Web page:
So why the fuss about my situation in life? To tell the truth, I’m not so sure. I guess it’s because I had my dream life all planned out and I’m not living it. I’ve gotten in contact with a few of my old high school friends through facebook. It’s a lot of fun to see what they’re up to and to talk to them again. But sometimes it’s hard, too. Many of them have all the things I thought I would have: the kids, the minivan.

Maybe getting older means the dream of having more children will remain just a dream.

In the meantime, I don’t think I want to make a big deal out of this birthday. Matt has asked me for a long time now what I want. What I really want is no more gray hair or wrinkles. Maybe I can postpone this birthday until March or April when the sun is shining and the garden starts to bloom and I feel like all is right with the world.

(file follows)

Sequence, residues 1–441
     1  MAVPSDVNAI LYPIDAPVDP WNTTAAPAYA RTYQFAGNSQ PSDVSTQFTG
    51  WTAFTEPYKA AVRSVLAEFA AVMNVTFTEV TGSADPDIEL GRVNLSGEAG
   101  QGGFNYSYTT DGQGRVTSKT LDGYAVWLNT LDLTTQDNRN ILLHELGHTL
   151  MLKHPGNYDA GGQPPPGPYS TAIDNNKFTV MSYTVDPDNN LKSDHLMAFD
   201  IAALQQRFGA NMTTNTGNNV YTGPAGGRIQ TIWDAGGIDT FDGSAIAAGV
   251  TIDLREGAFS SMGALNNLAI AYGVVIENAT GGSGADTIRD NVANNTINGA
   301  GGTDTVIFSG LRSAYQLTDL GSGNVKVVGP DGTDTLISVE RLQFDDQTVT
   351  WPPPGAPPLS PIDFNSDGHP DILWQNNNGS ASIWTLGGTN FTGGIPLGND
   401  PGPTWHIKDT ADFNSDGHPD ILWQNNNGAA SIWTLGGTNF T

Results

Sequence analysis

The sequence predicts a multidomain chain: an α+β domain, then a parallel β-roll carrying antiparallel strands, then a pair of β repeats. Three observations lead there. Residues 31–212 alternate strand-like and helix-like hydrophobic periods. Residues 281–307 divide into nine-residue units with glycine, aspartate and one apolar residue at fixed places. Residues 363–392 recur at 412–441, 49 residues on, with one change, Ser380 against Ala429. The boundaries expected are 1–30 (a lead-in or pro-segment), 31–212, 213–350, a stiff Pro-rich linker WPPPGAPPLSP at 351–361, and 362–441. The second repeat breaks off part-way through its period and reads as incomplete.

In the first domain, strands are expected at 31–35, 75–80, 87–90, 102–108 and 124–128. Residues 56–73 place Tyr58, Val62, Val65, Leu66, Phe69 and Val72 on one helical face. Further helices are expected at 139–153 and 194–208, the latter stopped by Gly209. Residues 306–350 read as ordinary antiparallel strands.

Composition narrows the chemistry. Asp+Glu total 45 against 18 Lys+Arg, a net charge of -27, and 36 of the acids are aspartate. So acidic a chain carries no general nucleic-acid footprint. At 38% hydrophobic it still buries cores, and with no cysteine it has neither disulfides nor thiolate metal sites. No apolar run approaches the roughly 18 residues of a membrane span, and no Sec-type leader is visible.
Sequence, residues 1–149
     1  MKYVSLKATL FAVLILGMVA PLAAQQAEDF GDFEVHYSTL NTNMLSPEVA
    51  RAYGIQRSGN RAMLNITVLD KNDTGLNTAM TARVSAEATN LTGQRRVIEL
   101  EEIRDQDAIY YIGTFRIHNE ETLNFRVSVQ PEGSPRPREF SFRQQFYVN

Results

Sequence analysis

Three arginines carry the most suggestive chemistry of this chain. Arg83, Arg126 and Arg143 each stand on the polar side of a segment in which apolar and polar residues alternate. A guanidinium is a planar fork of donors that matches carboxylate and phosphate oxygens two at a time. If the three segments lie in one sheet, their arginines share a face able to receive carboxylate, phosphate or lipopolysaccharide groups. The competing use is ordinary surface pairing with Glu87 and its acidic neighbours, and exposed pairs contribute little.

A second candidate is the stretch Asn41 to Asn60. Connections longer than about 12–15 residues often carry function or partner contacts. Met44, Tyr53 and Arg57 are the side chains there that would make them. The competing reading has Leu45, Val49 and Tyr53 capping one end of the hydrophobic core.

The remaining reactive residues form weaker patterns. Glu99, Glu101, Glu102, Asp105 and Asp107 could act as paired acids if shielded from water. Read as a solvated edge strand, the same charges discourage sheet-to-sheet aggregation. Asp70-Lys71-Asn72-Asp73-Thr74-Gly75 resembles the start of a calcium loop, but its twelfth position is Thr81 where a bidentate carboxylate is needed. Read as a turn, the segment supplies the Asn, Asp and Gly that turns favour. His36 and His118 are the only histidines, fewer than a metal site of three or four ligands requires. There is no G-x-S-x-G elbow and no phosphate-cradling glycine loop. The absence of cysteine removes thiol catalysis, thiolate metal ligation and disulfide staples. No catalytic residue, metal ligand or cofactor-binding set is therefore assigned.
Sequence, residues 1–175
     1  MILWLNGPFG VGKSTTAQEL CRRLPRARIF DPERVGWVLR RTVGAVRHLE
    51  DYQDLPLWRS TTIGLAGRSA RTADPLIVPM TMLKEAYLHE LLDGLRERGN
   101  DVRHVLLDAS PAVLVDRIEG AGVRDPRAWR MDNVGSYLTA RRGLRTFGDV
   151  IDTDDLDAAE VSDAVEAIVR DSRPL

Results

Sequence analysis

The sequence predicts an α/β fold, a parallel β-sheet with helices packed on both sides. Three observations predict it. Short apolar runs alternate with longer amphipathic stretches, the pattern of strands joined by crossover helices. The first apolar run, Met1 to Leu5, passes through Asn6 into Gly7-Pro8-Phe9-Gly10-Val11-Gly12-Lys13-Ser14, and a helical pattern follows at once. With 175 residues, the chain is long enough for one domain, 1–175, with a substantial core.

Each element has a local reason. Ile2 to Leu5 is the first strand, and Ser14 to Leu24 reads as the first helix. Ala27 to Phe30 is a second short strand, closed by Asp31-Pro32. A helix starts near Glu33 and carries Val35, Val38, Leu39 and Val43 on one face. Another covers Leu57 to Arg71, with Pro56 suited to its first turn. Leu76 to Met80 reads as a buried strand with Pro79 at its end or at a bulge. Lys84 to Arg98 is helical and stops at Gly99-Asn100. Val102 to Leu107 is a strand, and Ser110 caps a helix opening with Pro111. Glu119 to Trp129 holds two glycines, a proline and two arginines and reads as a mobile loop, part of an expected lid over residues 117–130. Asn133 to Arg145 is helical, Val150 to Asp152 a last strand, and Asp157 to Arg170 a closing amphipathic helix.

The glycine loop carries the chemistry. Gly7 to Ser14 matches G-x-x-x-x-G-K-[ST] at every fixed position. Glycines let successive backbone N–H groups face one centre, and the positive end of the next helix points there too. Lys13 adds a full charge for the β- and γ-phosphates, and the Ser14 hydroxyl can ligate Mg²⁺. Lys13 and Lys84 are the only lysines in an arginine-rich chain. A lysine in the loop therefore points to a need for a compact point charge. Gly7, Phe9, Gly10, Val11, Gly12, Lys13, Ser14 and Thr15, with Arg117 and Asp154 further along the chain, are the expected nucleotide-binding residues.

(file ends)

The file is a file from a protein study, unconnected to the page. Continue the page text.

I don’t want a cake or presents. How many pearls does one girl need?! Maybe I just want to be thankful for what I have and where I am in my life because really I have everything I could ever want. That’s probably the best birthday present ever.

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Pinewood Derby Champ

>> Saturday, February 6, 2010

Sam has been looking forward to the pinewood derby for years. We haven't done cub scouts before now because it's been too much of a pain. Trekking to pack meetings for over an hour and trying to find the supplies for stuff seemed like just too much. But, we finally enrolled in him scouts. I still don't know exactly how involved we will be, but we'll try out best to at least get him involved for the big stuff.

His first activity was the pinewood derby. We got the kit a few weeks before but due to a lovely bout of food poisoning weren't able to start work on it until the Monday before. Sam worked really hard on it and Matt spent a lot of time with him.

Because it was such a big deal for Sam, I took a lot of pictures and have chronicled the experience here. Stop reading if you get bored. This one is gonna be long.